Leftists understand the limitations of adopting the typical “Buy American” theme, including strategic errors both in its failure to address the problem of declining wages and working conditions, and in its more insidious implications in fueling xenophobia. If working standards are declining all over the world, products could be made in the US and still be made under sub-par working conditions. Leftists support organizing and pushing standards up for workers all over the world, as a means to improve conditions everywhere, including the US. As for what Trump wants for workers, when he announced plans to renegotiate NAFTA during his “Made in America” week this past July, Lori Wallach of Public Citizen went on Democracy Now to point out that what little we know of the re-negotiations is so vague as to be impossible to tell what it would actually mean for workers and the environment.

The leftist analysis sees that those with power at the top are breaking down borders for the purpose of more aggressively exploiting the people, land, and resources around the world, not for any interest in lofty multicultural goals. Money, goods, and intellectual property flow freely across borders, while the people at the whim of such corporate power face increasing restrictions in their movement, facing resistance in the form of both restrictive laws and the rise in xenophobic violence.

Leftists seek to go to the roots of the problem by critiquing the political and economic structures that work to further enrich a tiny ruling elite at the expense of everyone else. A leftist approach that prioritizes people at the grassroots level requires building an international working-class movement in which working and oppressed people across all countries challenge corporate power everywhere.

The Campaign to Fight Toxic Prisons goes International!

By FightToxicPrisons.org - Earth First! Newswire, September 16, 2017

We’re Hitting the Road with the U.K. “End Toxic Prisons” Tour. Check out dates and details below.

This Autumn, the Campaign to Fight Toxic Prisons will be touring the UK with Community Action on Prison Expansion.

All over the world prisons are toxic environments causing social and ecological harm. Folks from the US have been organizing resistance at the intersection of mass incarceration and the environment, successfully delaying the only current Federal prison construction for over 2 years!

Through grassroots organizing, advocacy and direct action they have been challenging the prison system which is putting prisoners at risk of dangerous environmental conditions, as well as impacting surrounding communities and ecosystems by their construction and operation. Learn about their strategy and tactics, as well as broader struggles of prison abolition, anti-racism, and environmental justice.

Information will then be shared about resistance to the six new mega-prisons in England and Wales, which themselves are proposed for toxic sites, including radiological contamination and asbestos pollution, as well as habitat destruction at every site. Learn how you can get involved!

The Image Seen 'Round the World

By Judy Hodgson - North Coast Journal, December 1997; with contemporary IWW EUC Commentary by the Ramblin' Dude

[Trigger Warning! - the embedded video depicts scenes of young women being tortured by police]

We present this retrospective article and video to illustrate a point:

You know what's really HILARIOUS about these self-shot videos of neo nazi assholes reacting to being pepper sprayed as though they had received grievous trauma wounds in battle?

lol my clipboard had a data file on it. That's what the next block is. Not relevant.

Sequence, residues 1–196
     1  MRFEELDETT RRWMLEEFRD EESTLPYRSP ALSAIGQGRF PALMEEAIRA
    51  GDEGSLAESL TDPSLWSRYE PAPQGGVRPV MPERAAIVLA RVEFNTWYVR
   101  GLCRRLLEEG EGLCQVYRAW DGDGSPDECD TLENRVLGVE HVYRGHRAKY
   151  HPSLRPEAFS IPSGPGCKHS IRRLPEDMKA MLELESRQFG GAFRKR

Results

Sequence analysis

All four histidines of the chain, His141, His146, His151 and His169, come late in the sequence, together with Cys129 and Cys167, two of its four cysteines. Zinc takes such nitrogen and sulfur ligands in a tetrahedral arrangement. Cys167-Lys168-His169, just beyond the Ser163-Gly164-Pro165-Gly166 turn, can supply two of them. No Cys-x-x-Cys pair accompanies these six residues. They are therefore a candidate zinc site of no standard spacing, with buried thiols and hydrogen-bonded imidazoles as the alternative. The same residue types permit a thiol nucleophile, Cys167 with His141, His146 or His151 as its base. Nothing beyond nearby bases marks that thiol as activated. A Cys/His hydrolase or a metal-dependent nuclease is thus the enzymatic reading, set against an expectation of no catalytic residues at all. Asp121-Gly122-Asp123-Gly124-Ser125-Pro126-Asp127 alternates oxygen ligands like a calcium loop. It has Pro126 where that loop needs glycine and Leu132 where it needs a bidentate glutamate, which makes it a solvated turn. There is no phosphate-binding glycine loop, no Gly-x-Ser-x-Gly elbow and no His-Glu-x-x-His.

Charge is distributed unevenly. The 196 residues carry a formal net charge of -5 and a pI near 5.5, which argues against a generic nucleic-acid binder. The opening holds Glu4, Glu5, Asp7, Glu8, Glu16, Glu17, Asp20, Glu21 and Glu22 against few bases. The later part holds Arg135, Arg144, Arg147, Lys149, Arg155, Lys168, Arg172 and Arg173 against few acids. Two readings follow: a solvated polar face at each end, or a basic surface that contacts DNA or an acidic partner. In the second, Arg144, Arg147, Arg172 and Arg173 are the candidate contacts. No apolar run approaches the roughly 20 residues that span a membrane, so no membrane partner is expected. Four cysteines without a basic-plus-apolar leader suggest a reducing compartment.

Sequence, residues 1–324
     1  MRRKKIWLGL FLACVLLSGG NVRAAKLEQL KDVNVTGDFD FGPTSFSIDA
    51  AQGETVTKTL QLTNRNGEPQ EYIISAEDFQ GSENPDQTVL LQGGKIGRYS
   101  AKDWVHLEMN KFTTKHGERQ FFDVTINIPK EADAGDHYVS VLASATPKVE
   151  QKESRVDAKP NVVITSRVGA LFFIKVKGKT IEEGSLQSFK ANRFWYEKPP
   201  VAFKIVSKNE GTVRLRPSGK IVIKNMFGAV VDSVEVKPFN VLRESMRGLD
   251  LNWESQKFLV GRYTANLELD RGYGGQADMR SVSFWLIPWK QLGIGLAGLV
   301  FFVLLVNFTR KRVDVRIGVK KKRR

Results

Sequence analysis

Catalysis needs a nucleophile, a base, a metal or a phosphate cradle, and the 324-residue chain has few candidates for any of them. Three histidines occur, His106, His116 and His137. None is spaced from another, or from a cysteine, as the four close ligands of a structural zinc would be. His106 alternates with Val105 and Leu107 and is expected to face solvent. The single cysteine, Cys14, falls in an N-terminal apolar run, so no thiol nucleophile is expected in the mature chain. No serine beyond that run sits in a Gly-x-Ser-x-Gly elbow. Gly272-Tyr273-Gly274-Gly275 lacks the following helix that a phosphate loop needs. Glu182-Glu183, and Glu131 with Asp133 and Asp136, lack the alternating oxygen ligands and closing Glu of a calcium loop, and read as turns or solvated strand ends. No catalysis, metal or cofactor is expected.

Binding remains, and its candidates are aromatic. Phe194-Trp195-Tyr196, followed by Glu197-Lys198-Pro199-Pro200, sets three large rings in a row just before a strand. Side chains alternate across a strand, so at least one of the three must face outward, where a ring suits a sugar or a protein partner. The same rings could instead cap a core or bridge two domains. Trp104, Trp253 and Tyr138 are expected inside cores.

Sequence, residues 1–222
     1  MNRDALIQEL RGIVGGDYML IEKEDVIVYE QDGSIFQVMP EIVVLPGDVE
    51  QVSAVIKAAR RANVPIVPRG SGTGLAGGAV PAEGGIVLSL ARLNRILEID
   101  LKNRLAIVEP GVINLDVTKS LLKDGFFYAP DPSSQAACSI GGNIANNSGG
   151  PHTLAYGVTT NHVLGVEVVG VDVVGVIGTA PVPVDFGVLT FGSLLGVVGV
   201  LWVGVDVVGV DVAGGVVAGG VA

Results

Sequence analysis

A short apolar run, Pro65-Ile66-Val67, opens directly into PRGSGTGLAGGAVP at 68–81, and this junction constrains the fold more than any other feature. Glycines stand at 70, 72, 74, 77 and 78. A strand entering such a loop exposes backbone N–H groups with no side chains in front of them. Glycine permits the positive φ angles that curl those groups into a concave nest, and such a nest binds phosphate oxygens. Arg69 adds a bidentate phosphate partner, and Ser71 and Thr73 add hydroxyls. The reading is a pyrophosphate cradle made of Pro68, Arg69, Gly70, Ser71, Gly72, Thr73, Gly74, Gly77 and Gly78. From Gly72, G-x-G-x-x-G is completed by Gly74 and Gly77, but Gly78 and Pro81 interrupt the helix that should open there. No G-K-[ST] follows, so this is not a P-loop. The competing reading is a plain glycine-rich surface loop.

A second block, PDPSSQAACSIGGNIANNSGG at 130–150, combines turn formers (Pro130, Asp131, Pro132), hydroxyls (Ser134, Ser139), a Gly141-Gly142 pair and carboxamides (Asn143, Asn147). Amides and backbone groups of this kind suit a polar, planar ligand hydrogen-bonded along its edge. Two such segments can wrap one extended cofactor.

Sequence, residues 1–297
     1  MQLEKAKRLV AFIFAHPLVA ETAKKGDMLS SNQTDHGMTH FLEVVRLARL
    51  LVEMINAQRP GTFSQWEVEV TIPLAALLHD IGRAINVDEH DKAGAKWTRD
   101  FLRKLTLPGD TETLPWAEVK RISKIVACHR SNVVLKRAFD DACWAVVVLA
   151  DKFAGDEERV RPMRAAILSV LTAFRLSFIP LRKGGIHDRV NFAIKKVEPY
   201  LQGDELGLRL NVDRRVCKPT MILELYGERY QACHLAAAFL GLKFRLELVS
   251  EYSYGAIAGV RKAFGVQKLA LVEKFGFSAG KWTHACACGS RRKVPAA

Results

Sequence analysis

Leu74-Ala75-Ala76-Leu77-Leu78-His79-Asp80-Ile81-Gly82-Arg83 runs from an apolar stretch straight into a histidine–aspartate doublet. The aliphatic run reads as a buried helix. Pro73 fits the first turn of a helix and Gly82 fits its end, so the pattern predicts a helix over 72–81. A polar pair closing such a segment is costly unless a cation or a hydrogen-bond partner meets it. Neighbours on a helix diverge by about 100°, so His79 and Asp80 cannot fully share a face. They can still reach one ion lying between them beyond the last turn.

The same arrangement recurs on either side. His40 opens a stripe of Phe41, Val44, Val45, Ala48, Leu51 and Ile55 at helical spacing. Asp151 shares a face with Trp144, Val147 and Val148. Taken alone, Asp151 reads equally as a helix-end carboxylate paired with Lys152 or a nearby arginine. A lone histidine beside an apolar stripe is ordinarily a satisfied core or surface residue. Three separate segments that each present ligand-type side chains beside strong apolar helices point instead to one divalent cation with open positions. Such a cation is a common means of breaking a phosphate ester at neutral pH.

Twenty years ago, a group of protesters, most of them small, young women, peacefully occupied (Republican Congressman, Frank Riggs's) office (in Eureka, California). Police were called, and eventually they swabbed law enforcement grade pepper spray directly in to the eyes of the peaceful protesters. The protesters held on. Many of them were swabbed multiple times. They held on. Even while their eyes were being pried open and swabbed, they didn't flail, kick, or bite. They held on. Several did not release until they had been picked up and carried outside.

These supposed "manly men" who are out to save America were bested by a group of hippie girls twenty years ago.

Prisoners and Climate Injustice

By Natalia Cardona - 350.Org, August 8, 2017

Recent headlines are full of dire warnings about heat-related deaths. Just the other day a headline in the Washington Post stated that a third of the world’s people already face deadly heat waves. And it could be nearly three-quarters by 2100.

Recently I came across disturbing footage from a St. Louis jail showing inmates without air conditioning calling for help from inside the stiflingly hot facility. This is not the first time these type of headlines have showed up in the news this summer.

In June of this year, deadly heat waves in the Southwestern United States also led to prisoners facing inhumane conditions due to extreme heat. In Arizona, while the weather channel warned that locals should stay indoors and temperatures climbed upwards of 120 degrees Fahrenheit, 380 prisoners were left living in tents in unbearable heat.

The impacts of climate change add to the layers of injustice prisoners already face. The U.S. holds the largest number of prisoners per capita in the world. Since the 1970’s the U.S. has seen a 700% increase in the growth of prisons. Prisons are already at the frontline of injustice, because of the criminalization of people of color through failed policies like the “war on drugs”. Not only that, holding large numbers of people in enclosed facilities leads to health hazards and human rights violations. Prisons and prisoners also find themselves on the frontlines of environmental injustice. The toxic impact of prisons extends far beyond any individual prison.